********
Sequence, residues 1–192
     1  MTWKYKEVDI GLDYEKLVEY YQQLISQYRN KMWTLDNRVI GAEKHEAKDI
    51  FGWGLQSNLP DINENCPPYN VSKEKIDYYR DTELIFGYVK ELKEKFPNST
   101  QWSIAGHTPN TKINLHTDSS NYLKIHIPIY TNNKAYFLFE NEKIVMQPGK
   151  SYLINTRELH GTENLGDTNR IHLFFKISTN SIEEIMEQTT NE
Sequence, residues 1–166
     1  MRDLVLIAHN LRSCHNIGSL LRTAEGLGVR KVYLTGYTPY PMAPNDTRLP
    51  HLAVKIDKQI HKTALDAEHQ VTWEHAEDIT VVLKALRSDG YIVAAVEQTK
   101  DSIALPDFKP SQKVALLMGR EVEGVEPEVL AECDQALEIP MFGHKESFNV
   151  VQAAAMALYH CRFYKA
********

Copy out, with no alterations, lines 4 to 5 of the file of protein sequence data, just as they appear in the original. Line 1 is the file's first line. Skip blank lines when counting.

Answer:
   101  QWSIAGHTPN TKINLHTDSS NYLKIHIPIY TNNKAYFLFE NEKIVMQPGK
   151  SYLINTRELH GTENLGDTNR IHLFFKISTN SIEEIMEQTT NE